Summer Wellness & Self-Care Toolkit

With school out, summer is often portrayed as a time of endless fun, relaxation, and adventure. However, while many enjoy the break, others face unique challenges and stressors. This season can be particularly difficult for both youth and adults, as everyone navigates different experiences and pressures that come with the warmer months.

According to a survey by the U.S. Department of Justice, Seasonal Patterns in Criminal Victimization Trends, intimate partner violence increases by 12 percent in the summer months compared to other seasons.

Some factors that come into play are:

  • Increased stresses due to summer break for children
  • Increased temperatures
  • Increase in alcohol and drug intake. NOTE: While these factors may possibly increase abuse, they are certainly not the cause of domestic violence and are not to blame; intoxication doesn’t cause abuse, and sobriety doesn’t stop it.
  • Increased numbers of parties, drinking, and idle time make teen dating violence tragic for many young people.
  • The Department of Justice also found that women ages 16 to 24 are at the highest risk of becoming victims of domestic violence.

(Source: Bridges Domestic Violence Center)

In an effort to support our community and provide helpful tools, we’re sharing free resources and opportunities for youth and adults, focusing on personal growth, educational exploration, and community engagement. We hope these summer resources provide enriching and memorable experiences so that we can make the most of this time away from school. Enjoy and have a safe summer ahead!

A Guide to Coping Skills

What do you do when you feel down? Pick one or two coping skills and practice them for at least a month. Remember, coping skills are like habits: they need time and repetition!

  1. Move: Go for a walk, stretch, dance, or sing.
  2. Release Tension: Stretch, close your fist tightly and squeeze for 10 seconds before releasing, or exercise.
  3. Practice Mindfulness: Focus on an object near you—its shape, color, size, design, temperature.
  4. Journal: Write, draw, or doodle about how you feel, your thoughts, something you’re hoping for, or something that makes you happy.
  5. Visualize: Think of something that makes you happy—a place, activity, person, or object. Stick with this memory until you feel calmer.
  6. Create: Practice your preferred craft—drawing, beading, cooking, dancing, singing, etc.
  7. Practice Repetition: Trace your hand with your finger or use box breathing.
  8. Find or Create a Moment of Peace: Enjoy taking deep breaths, listen to a soothing song, connect your fingertips with each other, and count to 10.
Wheel of Emotions adapted from Brene Browns Atlas of the Heart

Resources to Make This Summer Safe, Productive, and Exciting!

Taking Care: Supporting Yourself and Others

Explore our YouTube playlist to learn about different ways to self-care, the importance of self-care, and how you can best find the balance in caring for yourself and others.

Mind/Body Exercise Worksheets

Consider incorporating these mind/body exercises from into your routine to enhance your well-being.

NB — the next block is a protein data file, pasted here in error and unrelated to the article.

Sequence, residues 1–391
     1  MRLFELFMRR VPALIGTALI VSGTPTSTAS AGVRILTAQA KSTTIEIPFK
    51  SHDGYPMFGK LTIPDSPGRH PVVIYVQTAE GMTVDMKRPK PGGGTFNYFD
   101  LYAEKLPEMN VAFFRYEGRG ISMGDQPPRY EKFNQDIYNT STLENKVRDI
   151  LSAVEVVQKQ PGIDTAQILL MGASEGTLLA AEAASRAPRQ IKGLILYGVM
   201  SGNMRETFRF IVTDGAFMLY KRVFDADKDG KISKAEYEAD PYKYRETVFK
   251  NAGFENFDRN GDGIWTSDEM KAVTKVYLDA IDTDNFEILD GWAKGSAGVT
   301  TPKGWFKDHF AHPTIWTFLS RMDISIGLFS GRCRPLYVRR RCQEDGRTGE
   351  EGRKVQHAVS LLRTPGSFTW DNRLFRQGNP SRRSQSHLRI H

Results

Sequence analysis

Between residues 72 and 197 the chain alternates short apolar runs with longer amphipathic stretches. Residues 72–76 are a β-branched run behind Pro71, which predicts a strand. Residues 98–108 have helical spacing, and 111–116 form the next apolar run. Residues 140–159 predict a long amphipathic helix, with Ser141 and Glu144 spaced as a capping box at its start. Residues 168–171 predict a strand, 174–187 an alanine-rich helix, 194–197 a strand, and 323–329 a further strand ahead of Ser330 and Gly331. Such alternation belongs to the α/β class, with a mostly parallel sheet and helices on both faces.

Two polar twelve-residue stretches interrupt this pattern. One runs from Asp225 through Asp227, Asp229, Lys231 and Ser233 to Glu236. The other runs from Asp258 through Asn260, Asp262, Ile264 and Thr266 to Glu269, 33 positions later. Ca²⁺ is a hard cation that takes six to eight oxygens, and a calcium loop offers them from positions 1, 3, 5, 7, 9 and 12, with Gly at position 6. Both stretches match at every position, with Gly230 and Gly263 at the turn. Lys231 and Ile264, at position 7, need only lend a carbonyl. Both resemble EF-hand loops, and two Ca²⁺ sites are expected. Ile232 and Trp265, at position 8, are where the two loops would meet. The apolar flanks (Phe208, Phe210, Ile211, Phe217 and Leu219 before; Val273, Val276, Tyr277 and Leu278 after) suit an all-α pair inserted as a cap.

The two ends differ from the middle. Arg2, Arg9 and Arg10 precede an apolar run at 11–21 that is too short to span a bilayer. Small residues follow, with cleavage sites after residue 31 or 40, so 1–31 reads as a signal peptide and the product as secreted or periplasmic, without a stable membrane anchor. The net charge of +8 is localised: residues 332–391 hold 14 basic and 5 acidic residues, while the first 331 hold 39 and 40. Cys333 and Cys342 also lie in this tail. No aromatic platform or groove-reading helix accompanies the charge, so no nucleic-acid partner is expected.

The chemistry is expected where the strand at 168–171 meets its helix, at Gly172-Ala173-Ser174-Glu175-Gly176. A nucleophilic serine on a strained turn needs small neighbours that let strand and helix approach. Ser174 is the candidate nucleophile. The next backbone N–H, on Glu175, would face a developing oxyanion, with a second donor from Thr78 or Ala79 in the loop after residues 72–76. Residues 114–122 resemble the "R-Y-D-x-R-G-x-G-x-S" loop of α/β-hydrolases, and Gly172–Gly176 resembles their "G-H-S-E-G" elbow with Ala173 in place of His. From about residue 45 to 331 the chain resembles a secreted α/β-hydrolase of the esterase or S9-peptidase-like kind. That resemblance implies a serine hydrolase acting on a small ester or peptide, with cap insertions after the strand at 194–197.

Self Care and Mindfulness Apps

Headspace offers guided meditation and mindfulness practices to help reduce stress, improve focus, and enhance overall well-being.

Calm provides a variety of mindfulness exercises, including sleep stories, meditation, and relaxation techniques to help you manage stress and find peace.

Insight Timer features a vast library of free guided meditations, music tracks, and talks from mindfulness experts to support your daily meditation practice.

Guided Meditations

Tara Branch

Tara Brach – Guided meditations focused on mindfulness and compassion, offering techniques to cultivate a deep sense of awareness and self-acceptance.

Kristin Neff

Kristen Neff – Guided self-compassion meditations to help you develop kindness and understanding towards yourself, enhancing emotional resilience and well-being.

tricia Hersey

Nap Ministry: Call 1-833-LUV-NAPS for pre-recorded rest messages from Tricia Hersey to encourage and promote the importance of rest as a form of self-care.

Where to Find Help

Emergency Services

Psychiatric Emergency Rooms for children 18 and younger. Not all hospitals have these facilities, but children can be evaluated in any emergency room and hospital staff will consult with the family about next steps.


  • TEEN LINE: (310) 855-HOPE or (800) TLC-TEEN / (800) 852-8336. A teen-to-teen hotline with community outreach services, 6pm-10pm PST daily. Visit Teen Line Online for more info.
  • National Domestic Violence Hotline: 1-800-799-7233. Visit
  • In cases of emergency, call 911 immediately.

Free Counseling

Talkspace (Teenspace)

Teens ages 13-17 can gain access to Talkspace services in just a few steps:

  1. Click on ‘Get started’ and enter their birthdate and zip code to qualify.
  2. Answer a few questions about themselves.
  3. Enter a parent or guardian’s email address who will then provide consent (if the teen has chosen therapy).
Talk Space Teens Free Therapy Graphic

Teens are typically matched to a therapist licensed in New York within 24 hours. Once signed up, they have access to one live video session per month and unlimited messaging therapy from their computer or cellphone. Teens can send messages to their Talkspace therapist 24/7. Therapists generally respond every day, 5 days per week.

We hope these resources and tips help you prioritize wellness and self-care this summer.

Remember, taking time for yourself is crucial for your overall well-being.

Enjoy the summer, stay safe, and take care!

Explore more resources. 

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